Newspaper article Charleston Gazette Mail

HOCKEY ; Lindros Headlines Hockey Hall of Fame Inductees

Newspaper article Charleston Gazette Mail

HOCKEY ; Lindros Headlines Hockey Hall of Fame Inductees

Article excerpt

Eric Lindros knew exactly what day and time the Hockey Hall of Fame would call. He was just hoping his phone would ring this time after six years of silence. Rogie Vachon had given up hoping after 30-plus years of eligibility. And when his moment came, Sergei Makarov exclaimed, "Oh my gosh, the wait is over!

The waiting ended for Lindros, Vachon and Makarov on Monday as they were elected as part of the class of 2016 along with the late coach and executive Pat Quinn. With no first-time eligible players worthy of consideration, they were able to go from the longtime waiting room into the hall.

Because concussions and other injuries cut his career short, Lindros was passed over for the honor six previous times. But his Hart Trophy-winning season as NHL MVP with the Flyers in 1995, his 865 points in 760 games, and his overall dominance and international success ended up being too much to keep him out.

Lindros said he hasn't stopped smiling since getting the call from Hall of Fame chairman Lanny McDonald while driving down the highway in Ontario.

"It was six years and it was a bit of time, but I guess you could turn around and say I'm in the Hall forever going forward, Lindros said. "I think there's sometimes you get thinking back and wondering, What if?' I think when it's all said and done, it's an honor. It feels full circle.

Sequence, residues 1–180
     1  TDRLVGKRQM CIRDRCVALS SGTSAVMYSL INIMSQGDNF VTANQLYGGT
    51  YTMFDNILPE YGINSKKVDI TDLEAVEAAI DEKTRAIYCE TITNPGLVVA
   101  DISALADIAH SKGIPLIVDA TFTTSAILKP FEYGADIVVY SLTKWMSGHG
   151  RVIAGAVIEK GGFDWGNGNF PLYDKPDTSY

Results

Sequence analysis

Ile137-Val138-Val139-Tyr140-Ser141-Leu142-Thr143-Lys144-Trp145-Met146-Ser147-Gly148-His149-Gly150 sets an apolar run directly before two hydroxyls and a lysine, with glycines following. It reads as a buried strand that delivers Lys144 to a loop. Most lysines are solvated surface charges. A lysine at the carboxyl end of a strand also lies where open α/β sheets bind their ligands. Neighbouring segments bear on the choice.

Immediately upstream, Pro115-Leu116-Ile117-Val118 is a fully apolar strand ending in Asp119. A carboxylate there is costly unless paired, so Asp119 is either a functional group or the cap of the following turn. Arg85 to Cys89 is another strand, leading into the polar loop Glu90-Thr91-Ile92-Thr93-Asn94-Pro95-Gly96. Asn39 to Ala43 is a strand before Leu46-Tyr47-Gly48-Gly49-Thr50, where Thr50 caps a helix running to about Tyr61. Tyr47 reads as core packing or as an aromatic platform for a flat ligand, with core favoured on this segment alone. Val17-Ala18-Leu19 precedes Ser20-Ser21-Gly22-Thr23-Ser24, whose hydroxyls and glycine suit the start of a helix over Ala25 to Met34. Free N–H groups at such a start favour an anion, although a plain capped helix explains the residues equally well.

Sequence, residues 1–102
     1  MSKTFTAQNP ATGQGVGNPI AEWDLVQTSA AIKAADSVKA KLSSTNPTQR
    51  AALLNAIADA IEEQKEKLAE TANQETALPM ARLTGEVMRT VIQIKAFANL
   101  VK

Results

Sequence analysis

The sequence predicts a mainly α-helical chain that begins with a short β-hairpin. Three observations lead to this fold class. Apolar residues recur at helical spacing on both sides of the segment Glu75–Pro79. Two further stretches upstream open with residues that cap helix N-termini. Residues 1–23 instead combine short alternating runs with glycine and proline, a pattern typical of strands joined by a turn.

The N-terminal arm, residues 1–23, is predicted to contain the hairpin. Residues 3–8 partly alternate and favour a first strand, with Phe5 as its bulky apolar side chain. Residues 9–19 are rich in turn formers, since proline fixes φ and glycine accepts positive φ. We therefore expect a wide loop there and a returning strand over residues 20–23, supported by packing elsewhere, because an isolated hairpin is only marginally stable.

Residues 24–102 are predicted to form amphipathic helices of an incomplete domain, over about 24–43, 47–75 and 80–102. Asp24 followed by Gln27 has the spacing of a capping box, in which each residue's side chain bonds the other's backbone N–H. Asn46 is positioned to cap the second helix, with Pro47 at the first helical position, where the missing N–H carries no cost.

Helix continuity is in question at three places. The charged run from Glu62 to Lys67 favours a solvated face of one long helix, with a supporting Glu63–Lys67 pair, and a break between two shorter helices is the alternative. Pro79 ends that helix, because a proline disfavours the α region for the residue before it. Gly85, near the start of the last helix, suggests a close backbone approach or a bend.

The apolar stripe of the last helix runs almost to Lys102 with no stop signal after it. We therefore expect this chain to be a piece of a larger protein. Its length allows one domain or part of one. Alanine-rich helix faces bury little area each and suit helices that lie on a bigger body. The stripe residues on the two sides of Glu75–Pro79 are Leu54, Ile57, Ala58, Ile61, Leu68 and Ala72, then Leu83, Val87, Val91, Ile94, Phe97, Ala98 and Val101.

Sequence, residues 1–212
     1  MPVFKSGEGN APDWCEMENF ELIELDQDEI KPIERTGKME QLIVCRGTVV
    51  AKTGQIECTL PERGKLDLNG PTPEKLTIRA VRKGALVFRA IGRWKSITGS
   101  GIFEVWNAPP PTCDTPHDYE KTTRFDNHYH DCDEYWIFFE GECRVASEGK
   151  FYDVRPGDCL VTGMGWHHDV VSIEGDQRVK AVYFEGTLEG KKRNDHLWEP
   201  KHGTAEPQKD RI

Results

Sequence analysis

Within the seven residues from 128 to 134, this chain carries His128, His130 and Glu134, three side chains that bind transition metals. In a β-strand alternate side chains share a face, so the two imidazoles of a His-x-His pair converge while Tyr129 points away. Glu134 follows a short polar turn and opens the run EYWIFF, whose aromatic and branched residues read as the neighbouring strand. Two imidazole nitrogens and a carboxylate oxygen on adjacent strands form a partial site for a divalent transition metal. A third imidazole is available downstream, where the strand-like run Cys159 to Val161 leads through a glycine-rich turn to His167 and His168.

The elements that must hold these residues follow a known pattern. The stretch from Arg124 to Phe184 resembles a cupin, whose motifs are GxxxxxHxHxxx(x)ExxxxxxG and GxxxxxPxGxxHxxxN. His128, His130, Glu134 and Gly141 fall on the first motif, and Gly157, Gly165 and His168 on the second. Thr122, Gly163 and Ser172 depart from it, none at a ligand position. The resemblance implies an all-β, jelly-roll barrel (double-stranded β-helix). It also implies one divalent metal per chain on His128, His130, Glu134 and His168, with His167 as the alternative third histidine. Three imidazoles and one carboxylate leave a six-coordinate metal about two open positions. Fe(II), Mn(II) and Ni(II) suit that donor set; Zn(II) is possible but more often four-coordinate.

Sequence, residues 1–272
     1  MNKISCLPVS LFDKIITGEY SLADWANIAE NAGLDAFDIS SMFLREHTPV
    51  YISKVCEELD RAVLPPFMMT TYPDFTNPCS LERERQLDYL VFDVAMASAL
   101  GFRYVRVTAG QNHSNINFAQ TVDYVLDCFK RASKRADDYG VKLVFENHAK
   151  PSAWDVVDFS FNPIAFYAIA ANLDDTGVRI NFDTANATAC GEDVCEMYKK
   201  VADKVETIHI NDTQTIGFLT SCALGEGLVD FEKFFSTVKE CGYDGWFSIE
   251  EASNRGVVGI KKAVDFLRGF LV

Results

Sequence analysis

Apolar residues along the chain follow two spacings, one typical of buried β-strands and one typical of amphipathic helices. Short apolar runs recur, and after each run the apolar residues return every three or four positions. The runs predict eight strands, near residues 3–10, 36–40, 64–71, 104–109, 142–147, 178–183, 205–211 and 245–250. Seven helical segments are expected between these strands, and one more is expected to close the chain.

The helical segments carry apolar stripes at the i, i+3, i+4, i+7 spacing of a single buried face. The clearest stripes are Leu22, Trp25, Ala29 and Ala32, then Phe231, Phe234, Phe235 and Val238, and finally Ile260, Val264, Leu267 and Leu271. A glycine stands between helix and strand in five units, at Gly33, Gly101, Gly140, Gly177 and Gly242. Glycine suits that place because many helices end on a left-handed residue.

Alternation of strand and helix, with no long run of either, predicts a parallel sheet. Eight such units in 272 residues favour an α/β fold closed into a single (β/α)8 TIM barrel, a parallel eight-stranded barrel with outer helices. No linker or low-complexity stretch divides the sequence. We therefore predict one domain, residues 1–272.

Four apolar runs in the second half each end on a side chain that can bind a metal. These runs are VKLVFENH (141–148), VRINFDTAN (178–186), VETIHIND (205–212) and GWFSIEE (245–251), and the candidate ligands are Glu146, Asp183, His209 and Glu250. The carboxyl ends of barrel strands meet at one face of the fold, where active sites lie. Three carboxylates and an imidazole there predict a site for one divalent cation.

Lindros was a junior hockey star and the No. 1 pick of the Quebec Nordiques in 1991 but refused to sign, something he said Monday he didn't regret. Sent to Philadelphia as part of one of the biggest trades in NHL history, Lindros became one of the best players of his era with an unusual blend of physicality and production. He led the Flyers to the 1997 Stanley Cup Final as part of the "Legion of Doom line with John LeClair and Mikael Renberg.

Friction with teammates and management dotted Lindros' career, and he never won the Stanley Cup.

"It's one thing you look back on, Lindros said. "There's a void there. …

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